Learn­ing to love the Fit­bit

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Iwith joy as if it has won the Lot­tery.

At a time when we are all be­ing told how vi­tal ex­er­cise is to our health and well­be­ing - es­pe­cially as we get older - it is a won­der­ful lit­tle gad­get.

It gets into your sub-con­scious and ac­tu­ally mo­ti­vates you want to clock up the miles. Of course, the ad­van­tage is that you do not have to rush, the speed at which you cover the dis­tance is ir­rel­e­vant.

But you do find your­self pop­ping to the Post Of­fice, the li­brary or the cor­ner shop on foot rather than in the car. The added in­cen­tive is to reach that mag­i­cal tar­get.

Sons one, two and three all have the de­vice and no doubt text or Facebook each other with their lat­est facts and fig­ures.

That’s not for me, but I have to say the daily wear­ing of the Fit­bit day. And the lit­tle wrist­band ap­pli­ca­tion cer­tainly tries to help me achieve that goal.

A buzz re­minds me that I have been sit­ting com­fort­ably for quite a while and sug­gests it is time to stride out.

It also buzzes to say “Come on now, let’s crack on with some more steps be­cause you are clos­ing in on your tar­get”.

And when I do make the 10,000 steps mark, the lit­tle chap buzzes t was a long-stand­ing joke in the Red­head house­hold.

My three grown-up sons are all very ac­tive, into their var­i­ous sports and reg­u­larly at­tend­ing gym ses­sions.

I used to be the same. But now I’m older.

How­ever, I do love gar­den­ing and at least one day each week I spend a lot of time work­ing on my gar­den, my al­lot­ment, or in­deed, other peo­ple’s prop­er­ties.

It was with great pride that I told sons one, two and three, that I would bet I walked around 10 miles ev­ery day I did gar­den­ing work.

They gave the sort of ‘yes Dad’ laugh which sug­gested ‘hu­mour the old chap but I ex­pect it’s prob­a­bly about three miles if he is lucky!’

At Christ­mas they clubbed to­gether and bought for me a Fit­bit.

For the unini­ti­ated, the Fit­bit they bought me is like a wrist­watch, only a lit­tle slim­mer. I wish I could say the same.

It tells me the date and the time and how many steps I’ve taken dur­ing the day, con­vert­ing that num­ber into miles walked. It also tells me var­i­ous other pieces of in­for­ma­tion, in­clud­ing the num­ber of calo­ries burned off.

If I wear it in bed it tells me the time I went to sleep, the time I woke up and on how many oc­ca­sions I was rest­less or awake.

It is ex­cel­lent tech­nol­ogy and very use­ful.

But ba­si­cally, for me, it is about the steps I take and the dis­tance I cover.

The tar­get is 10,000 steps ev­ery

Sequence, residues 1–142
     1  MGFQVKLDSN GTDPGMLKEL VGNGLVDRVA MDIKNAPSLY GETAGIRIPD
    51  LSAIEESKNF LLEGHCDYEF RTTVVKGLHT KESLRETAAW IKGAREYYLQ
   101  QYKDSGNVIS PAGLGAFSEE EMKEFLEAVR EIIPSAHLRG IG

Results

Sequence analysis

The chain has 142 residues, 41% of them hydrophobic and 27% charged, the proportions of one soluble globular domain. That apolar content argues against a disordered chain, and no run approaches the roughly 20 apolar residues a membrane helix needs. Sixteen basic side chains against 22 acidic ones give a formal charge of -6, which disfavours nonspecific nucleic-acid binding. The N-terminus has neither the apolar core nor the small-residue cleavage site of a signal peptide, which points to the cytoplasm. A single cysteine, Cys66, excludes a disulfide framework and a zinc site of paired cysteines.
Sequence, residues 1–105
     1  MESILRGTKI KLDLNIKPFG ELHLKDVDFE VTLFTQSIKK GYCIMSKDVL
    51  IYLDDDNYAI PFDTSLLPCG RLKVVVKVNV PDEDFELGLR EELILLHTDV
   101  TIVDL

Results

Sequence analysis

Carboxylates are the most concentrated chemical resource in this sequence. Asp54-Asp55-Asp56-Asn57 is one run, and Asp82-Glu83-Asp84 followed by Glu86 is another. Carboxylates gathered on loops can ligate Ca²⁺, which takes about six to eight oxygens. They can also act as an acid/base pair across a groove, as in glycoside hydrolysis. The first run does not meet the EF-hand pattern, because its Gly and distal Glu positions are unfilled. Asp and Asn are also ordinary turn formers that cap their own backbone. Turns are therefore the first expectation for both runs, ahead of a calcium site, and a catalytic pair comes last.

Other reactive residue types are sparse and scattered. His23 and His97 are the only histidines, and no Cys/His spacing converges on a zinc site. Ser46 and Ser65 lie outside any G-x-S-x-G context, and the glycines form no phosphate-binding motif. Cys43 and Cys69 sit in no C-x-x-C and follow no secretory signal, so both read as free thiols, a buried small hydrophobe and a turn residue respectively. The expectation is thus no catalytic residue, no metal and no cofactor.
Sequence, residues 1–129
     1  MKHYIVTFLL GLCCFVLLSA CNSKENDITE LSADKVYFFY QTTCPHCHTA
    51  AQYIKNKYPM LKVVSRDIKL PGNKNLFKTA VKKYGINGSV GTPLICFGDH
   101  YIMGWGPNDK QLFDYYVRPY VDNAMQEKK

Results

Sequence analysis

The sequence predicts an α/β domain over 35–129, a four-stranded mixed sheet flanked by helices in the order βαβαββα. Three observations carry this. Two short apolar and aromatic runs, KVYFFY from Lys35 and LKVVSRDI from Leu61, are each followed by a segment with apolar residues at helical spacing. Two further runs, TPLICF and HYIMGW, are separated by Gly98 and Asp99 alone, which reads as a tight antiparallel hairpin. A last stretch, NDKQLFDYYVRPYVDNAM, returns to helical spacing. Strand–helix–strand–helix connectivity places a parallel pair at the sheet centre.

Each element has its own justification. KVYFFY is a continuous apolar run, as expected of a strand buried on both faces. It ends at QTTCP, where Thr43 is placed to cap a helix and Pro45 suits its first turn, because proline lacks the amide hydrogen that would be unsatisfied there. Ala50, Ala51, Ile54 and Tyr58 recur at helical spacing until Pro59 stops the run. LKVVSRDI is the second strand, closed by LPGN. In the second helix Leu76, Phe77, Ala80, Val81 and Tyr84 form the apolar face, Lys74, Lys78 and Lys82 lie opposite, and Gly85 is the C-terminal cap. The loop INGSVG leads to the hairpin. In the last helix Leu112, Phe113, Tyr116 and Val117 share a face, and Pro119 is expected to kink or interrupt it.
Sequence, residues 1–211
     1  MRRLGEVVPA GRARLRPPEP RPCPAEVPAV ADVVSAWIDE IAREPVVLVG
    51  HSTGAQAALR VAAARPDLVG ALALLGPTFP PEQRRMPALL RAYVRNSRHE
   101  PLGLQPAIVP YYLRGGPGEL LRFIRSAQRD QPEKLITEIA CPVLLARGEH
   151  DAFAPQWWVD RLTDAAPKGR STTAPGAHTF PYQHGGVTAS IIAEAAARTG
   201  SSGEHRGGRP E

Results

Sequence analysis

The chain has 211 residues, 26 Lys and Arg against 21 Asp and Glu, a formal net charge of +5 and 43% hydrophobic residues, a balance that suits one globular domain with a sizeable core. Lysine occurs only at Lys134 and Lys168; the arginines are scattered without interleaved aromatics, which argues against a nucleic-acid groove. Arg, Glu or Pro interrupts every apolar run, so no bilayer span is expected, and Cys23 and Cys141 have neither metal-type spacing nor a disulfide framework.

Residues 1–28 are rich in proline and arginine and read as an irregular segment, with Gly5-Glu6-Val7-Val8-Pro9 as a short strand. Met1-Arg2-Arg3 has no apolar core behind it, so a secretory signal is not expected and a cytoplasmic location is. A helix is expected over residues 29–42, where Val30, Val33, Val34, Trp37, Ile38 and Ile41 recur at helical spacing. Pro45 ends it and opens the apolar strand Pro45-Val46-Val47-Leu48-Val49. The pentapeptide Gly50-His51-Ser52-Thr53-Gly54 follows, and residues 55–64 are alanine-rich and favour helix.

and con­stant check­ing of data is con­ta­gious.

By the way, on the last four full days of gar­den­ing I’ve com­pleted, I have man­aged to walk be­tween nine and 12 miles on all four oc­ca­sions.

Not bad for an old ‘un I reckon.

Liv­ing Streets, the UK char­ity for ev­ery­day walk­ing, is urg­ing the pub­lic to ‘Try20’ dur­ing May, the des­ig­nated Na­tional Walk­ing month.

Its cam­paign en­cour­ages peo­ple to walk for 20 min­utes ev­ery day through­out the month and ob­serve the big dif­fer­ences small steps can make.

Last year the char­ity saw thou­sands across the UK pledge to walk for 20 min­utes a day.

A fol­low-up sur­vey in De­cem­ber found that 75 per cent were still walk­ing for 20 min­utes a day and re­port­ing tales of weight loss, money sav­ing, im­proved so­cial life and in­creased fit­ness.

Liv­ing Streets rec­om­mends walk­ing as a free, easy and fun way to im­prove your health which means a lower risk of con­tract­ing heart dis­ease, cer­tain can­cers, de­pres­sion and Type Two di­a­betes, to aid­ing weight loss and re­duc­ing feel­ings of stress and iso­la­tion. Its key mes­sages are: Add a 20-minute walk into your day.

Twenty min­utes of walk­ing a day is a good step to­wards achiev­ing 150 min­utes of phys­i­cal ac­tiv­ity a week as rec­om­mended by the coun­try’s Chief Med­i­cal Of­fi­cer.

You don’t have to go out of your way to ex­er­cise, walk your daily jour­ney to work, to the shops or skip a stop on pub­lic trans­port.

Get­ting peo­ple out of their cars and on their feet is part of the so­lu­tion to the coun­try’s conges­tion and air pol­lu­tion prob­lems.

Rate your walk and help to im­prove spa­ces and cre­ate a walk­ing na­tion where ev­ery­one can en­joy the ben­e­fits the sim­ple act brings on streets that are fit for walk­ing.

Key dates dur­ing May, Na­tional Walk­ing Month, are: May 15-19 Walk to School Week and May 16 Happy Shoes­day, when pupils, par­ents and teach­ers will raise money for walk­ing projects by wear­ing their happy shoes and do­nat­ing £1.

ABOVE: Fit­bit Surge fit­ness su­per watch, £199, Pilch.

Fit­bit Flex, £79.99 from fire­

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